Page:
I was first introduced to Shel Silverstein in my grammar school days when my uncle gave me The Giving Tree for my birthday. He (my uncle that is) has such a wry sense of humor that I was surprised he had such a serious book on his radar screen. Then I read some of Silverstein's poetry in A Light in the Attic and Where the Sidewalk Ends, and I began to understand the appeal.
Silverstein's most recently (posthumously) published book of poems does not fail to do justice to that quirky yet somehow realistic view of life we have come to expect from him. No vice or idiosyncrasy escapes his observation, as in Stick-A-Tongue-Out Sid, in which a rude boy gets his come-uppance. Nor does he shy away from taking on modern manias like "sports Dads" in Before the Race and obsessions with preservatives in Food? What I like best about Silverstein, though, is his ability to poke fun without offending. The reader cannot help but laugh when he is insulted in The Ugly Contest.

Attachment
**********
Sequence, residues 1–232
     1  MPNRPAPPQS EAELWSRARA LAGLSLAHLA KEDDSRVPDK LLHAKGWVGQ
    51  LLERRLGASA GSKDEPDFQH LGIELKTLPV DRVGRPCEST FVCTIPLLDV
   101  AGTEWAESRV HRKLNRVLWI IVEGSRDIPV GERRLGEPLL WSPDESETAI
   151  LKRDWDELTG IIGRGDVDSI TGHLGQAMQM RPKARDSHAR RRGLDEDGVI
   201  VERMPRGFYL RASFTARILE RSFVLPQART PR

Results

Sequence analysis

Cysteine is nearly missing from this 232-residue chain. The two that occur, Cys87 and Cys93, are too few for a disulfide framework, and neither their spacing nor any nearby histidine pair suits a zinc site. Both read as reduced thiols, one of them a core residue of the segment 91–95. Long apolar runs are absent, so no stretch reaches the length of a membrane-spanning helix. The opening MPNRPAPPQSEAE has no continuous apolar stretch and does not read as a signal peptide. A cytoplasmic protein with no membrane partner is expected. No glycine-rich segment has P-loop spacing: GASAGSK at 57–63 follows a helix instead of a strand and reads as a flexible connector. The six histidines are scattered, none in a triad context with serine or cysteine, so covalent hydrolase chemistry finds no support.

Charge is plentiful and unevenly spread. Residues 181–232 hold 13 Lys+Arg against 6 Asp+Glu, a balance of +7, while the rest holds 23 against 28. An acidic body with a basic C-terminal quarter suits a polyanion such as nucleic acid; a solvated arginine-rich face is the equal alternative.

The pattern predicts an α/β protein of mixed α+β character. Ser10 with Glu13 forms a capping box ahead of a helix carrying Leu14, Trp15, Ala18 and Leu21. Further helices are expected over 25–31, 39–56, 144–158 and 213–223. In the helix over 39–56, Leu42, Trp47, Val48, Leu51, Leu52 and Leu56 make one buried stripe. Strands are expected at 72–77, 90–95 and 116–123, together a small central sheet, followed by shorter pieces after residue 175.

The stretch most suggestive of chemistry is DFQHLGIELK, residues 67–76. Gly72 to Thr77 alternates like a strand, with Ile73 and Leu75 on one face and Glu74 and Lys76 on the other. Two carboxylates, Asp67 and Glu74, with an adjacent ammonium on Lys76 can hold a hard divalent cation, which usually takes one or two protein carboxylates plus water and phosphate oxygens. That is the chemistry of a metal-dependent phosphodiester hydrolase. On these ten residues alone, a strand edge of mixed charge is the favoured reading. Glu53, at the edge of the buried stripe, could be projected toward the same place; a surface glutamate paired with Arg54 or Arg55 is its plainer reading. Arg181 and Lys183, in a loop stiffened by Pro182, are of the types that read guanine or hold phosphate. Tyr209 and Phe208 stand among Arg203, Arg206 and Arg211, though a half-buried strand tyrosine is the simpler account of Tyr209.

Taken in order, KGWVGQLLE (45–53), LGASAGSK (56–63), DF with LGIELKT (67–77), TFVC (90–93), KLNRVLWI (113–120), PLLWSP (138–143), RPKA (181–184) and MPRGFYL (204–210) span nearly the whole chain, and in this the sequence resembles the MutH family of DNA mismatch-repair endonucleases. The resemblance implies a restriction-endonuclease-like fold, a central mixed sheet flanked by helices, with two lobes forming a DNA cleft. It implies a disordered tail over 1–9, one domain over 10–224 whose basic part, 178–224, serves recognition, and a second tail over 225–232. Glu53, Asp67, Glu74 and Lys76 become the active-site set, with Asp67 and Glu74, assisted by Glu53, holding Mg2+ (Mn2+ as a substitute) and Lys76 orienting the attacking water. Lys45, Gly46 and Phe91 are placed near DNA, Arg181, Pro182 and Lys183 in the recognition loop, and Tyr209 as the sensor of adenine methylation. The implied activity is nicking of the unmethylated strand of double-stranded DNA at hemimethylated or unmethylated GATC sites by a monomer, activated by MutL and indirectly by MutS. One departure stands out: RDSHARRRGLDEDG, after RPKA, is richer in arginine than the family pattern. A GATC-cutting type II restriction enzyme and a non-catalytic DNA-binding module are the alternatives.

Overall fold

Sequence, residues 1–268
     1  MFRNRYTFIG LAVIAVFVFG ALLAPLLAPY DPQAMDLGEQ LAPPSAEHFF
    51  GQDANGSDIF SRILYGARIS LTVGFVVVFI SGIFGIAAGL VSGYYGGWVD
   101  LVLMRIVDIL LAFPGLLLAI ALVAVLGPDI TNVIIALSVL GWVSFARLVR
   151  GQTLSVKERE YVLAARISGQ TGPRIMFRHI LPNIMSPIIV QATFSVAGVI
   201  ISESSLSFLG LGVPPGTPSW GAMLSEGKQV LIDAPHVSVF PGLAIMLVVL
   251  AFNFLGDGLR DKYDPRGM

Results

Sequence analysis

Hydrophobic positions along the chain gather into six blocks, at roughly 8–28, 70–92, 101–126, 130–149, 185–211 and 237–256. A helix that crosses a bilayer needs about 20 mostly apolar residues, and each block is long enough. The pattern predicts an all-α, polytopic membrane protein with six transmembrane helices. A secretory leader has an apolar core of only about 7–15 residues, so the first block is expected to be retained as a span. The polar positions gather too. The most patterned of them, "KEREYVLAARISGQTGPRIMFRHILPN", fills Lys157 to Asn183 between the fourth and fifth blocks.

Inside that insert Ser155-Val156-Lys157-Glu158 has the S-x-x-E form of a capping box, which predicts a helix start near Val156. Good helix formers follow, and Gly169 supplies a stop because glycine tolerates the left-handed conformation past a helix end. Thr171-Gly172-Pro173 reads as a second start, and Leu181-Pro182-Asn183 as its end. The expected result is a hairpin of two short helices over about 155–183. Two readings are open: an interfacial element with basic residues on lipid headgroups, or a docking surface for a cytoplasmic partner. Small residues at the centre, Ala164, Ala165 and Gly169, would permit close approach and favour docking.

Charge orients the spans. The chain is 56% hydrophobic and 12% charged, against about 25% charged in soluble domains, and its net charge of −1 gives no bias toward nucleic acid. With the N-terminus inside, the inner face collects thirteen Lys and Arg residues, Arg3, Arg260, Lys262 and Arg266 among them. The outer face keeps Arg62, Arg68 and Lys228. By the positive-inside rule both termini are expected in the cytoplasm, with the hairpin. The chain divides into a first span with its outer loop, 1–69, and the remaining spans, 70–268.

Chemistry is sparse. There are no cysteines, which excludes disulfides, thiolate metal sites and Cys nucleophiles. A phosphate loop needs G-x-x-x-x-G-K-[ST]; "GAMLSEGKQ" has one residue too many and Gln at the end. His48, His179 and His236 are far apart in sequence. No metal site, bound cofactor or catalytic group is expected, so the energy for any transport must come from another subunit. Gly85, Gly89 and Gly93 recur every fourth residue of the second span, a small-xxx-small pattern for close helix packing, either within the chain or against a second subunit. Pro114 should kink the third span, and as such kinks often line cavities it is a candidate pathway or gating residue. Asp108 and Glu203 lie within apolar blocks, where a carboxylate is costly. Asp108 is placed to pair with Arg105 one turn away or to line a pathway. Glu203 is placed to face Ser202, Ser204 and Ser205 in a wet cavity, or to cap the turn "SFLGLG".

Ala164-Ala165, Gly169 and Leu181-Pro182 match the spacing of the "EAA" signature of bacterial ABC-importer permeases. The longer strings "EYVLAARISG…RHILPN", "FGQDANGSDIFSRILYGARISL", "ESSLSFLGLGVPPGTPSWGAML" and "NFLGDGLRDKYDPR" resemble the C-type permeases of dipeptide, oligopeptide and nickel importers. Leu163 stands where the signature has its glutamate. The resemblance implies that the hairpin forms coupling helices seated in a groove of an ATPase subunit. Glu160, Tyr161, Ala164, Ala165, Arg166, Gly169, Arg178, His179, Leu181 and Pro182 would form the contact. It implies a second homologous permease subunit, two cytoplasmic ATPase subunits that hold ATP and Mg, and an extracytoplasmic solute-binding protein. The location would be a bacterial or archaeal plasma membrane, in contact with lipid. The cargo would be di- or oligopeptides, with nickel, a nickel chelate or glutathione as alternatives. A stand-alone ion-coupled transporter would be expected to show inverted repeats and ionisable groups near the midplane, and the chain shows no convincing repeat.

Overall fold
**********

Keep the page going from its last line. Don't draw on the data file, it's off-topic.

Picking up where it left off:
Silverstein's simple rhymes and illustrations provide a wonderful introduction to poetry for young children. Sometimes humorous, sometimes serious, but always insightful, Every Thing On It is ideal for reading aloud together. Like Silverstein's other books, this latest promises to never grow old. Many thanks to his family for having it published!
Jennifer Minicus is a mother and teacher currently living in Ridgewood, NJ.
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